This isn't the first time that letters have been sent to convicted offenders on probation to attend meetings involving a city crime initiative.
Meetings through the Tennessee Department of Correction Probation and Parole in the past couple of years featured federal prosecutors telling of lengthy sentences if offenders commit new crimes. There is no parole in the federal prison system.
In the past, corrections staff might be present to encourage counseling, drug rehab or education. The department's employment specialist might help make appointments with anyone interested. However, more often than not, people who actually offered those services from outreach organizations in the community were not in the room.
That's changing with the new initiative, though.
"There is going to be more of a focus," said Gale Reed, district director of state Department of Correction. "Just with the number of years we've been moving toward this point, ... we're trying to refine it and ensure that we're putting something out there that can be delivered on."
Reed said monthly meetings with all probationers will continue in addition to the meetings coordinated by the city's violence reduction imitative.
"We still need to get the message out," she said. "We're still working with U.S. attorneys on that."
- Compiled by staff writer Beth Burger
The clock will soon start ticking.
Letters that were mailed out Monday are making their way into the hands of 25 selected people across the city.
Many of them have had their names brought up in connection with shooting investigations.
All of them are on probation for previous convictions.
"You are asked to attend a meeting," a draft of the letter begins.
Yet a failure to attend "will be considered a failure to report and may result in a violation of your probation," the letter states.
All are expected to attend a meeting this month where prosecutors, police officers, city leaders, community leaders, nonprofit caseworkers and even people who have lost loved ones to violence will be present.
They have a message to deliver: The violence must stop.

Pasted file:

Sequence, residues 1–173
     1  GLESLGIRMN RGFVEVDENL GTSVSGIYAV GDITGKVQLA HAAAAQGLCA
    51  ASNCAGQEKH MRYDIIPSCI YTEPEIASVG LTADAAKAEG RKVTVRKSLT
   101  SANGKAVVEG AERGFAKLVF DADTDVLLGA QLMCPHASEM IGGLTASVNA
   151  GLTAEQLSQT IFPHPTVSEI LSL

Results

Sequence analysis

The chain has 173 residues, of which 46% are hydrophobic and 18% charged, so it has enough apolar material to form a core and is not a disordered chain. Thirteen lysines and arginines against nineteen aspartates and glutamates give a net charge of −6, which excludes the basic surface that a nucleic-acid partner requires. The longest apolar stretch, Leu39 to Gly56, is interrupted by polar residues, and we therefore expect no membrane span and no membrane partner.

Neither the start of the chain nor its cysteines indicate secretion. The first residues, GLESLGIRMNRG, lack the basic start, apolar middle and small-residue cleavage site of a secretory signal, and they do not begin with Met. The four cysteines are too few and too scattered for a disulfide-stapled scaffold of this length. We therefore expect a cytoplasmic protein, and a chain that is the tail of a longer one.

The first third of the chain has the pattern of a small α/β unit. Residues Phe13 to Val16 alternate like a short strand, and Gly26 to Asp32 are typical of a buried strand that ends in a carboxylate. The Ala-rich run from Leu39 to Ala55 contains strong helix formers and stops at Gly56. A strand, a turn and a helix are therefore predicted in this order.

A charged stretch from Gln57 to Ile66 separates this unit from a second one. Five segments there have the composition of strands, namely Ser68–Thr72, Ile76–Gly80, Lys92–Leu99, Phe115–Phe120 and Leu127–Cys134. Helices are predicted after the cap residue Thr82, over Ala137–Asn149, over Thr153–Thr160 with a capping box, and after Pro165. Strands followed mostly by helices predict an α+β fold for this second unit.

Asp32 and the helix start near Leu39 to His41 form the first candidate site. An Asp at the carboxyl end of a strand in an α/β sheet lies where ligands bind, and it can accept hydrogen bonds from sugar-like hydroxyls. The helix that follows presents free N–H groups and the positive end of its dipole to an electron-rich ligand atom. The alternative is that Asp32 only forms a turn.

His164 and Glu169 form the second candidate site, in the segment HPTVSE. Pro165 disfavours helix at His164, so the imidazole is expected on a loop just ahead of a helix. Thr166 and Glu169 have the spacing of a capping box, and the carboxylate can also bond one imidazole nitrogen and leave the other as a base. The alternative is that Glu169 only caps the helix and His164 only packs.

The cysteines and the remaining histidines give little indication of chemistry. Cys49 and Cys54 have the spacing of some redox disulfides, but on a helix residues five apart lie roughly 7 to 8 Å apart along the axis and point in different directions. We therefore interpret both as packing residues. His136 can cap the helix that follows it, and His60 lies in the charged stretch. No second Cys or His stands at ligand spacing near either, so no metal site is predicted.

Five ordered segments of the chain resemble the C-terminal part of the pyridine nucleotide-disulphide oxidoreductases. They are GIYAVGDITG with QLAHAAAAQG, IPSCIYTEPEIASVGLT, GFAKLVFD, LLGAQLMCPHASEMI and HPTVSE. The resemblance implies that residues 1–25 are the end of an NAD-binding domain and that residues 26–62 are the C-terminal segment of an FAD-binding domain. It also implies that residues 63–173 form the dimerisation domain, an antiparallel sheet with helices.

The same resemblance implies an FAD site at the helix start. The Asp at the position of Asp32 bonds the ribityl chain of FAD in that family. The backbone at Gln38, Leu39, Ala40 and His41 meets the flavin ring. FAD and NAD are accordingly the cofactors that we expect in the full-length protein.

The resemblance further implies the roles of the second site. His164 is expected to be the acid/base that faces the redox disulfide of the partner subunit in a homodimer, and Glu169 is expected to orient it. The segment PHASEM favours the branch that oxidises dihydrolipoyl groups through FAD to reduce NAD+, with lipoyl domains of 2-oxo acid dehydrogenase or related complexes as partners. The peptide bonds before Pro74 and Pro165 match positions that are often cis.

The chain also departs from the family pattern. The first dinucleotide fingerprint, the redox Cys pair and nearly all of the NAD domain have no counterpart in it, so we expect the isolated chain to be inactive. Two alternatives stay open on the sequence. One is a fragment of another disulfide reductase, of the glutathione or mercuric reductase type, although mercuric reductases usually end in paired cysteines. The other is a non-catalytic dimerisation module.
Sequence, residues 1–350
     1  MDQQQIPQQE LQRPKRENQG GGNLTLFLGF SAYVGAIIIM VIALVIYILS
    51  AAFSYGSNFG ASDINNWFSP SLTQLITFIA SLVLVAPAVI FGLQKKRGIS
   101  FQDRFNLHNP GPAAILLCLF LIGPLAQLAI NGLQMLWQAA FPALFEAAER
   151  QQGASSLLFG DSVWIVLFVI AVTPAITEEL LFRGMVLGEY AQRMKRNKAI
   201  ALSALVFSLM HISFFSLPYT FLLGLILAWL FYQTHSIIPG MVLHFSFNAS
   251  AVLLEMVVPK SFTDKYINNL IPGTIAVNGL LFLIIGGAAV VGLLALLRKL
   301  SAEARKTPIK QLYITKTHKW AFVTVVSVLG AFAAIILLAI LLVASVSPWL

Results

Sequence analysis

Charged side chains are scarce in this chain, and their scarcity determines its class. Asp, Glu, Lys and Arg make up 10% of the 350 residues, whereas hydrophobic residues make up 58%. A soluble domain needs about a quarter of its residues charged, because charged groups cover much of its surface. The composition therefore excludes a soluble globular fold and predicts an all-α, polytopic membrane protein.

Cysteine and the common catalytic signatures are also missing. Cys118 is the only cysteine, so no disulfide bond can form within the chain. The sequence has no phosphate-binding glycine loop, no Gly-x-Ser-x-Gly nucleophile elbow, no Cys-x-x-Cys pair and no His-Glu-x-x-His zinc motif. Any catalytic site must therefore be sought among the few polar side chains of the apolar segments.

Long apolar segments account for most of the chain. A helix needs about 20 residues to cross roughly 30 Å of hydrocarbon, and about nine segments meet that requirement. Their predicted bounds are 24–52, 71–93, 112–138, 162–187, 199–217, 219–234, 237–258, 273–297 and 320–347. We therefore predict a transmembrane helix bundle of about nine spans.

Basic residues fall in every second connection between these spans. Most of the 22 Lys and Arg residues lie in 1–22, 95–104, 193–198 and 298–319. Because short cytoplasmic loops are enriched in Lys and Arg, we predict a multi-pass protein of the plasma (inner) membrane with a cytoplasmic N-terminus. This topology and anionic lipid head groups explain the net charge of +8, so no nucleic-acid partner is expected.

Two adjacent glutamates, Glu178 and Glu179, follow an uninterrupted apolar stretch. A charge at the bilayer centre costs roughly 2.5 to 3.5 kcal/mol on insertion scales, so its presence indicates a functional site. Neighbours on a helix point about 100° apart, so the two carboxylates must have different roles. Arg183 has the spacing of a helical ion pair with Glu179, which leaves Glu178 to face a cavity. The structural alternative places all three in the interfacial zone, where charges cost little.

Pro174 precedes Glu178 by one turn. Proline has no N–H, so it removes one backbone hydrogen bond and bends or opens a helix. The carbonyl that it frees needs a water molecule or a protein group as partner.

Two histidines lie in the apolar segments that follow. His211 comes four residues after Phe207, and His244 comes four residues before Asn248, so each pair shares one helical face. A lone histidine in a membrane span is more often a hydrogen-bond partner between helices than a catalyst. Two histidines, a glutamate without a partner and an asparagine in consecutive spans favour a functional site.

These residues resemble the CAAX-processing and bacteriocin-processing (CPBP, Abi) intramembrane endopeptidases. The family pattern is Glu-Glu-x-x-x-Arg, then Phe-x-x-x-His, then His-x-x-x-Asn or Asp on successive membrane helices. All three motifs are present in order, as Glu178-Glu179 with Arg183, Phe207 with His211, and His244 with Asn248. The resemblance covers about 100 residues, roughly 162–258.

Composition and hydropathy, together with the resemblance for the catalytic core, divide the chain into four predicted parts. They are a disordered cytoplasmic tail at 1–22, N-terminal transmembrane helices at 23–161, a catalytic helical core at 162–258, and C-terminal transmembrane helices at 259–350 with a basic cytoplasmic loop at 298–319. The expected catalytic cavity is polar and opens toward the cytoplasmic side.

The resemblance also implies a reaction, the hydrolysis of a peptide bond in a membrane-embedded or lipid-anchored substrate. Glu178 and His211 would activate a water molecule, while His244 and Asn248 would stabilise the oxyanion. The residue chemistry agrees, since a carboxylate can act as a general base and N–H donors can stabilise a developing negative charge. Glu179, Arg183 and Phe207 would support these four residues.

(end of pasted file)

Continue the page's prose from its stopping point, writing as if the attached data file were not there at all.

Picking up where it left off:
The letters are the first tangible sign that the start of Mayor Andy Berke's Violence Reduction Initiative has arrived. Months of study, training, discussion and meetings about Chattanooga's rising tide of shootings and what to do about it has led the city to this moment.
But the meeting, important as it is, only sets the table. It's what happens afterward that really matters.
Will the probationers get the message? Will they accept the offer of help? Will it help stem the violence?
The answers to those questions will prove pivotal in coming months.
The 25 people in the room will be told to expect help from local outreach programs when they try to change their lives. In return, police and city leaders will expect fewer shootings.
Chattanooga Police Lt. Todd Royval said he will outline what will happen if the violent crimes continue.
"I believe they will take it seriously," he said. "You can't guarantee everyone will take it seriously, but ... when they see the community is behind everything and that they are part of the community and keeping it safe, it makes more sense."
Many people still are convinced that the plan will not work.
One resident of the South side, who declined to give his name for fear of retaliation, was among them. Shootings have risen in his neighborhood, and he said he doubts that those "invited" to the meeting will take it seriously.
"The number one rule of the game is not to follow the rules," he said.
Intelligence from the police department determined who was invited to the meeting.
"When you look and see the same names keep popping up for the shootings and the murders, those are the people we're going to go after," Royval said.
Even under the best of circumstances, it's going to take time for the initiative to work.
"I think as the trust is built and relationships are fostered, then I think it could be an awesome thing," said Richard Bennett, director of A Better Tomorrow.
The local nonprofit reaches out to at-risk groups to teach life skills and shed light on opportunities that seem out of reach for youth growing up in areas plagued with violence and poverty.
He said many of them typically function in survival mode, living one day to the next.
"They know I've been there and done that. They know I'm not going to give them a lot of bull," Bennett said.
"We're sincere in our efforts. We're sincere in the longevity," he said. "The mayor has four years. This is my life. I plan on teaching someone else this legacy. There's got to be a dedication to it."
Contact staff writer Beth Burger at email@example.com or 423-757-6406. Follow her on Twitter at twitter.com/abburger.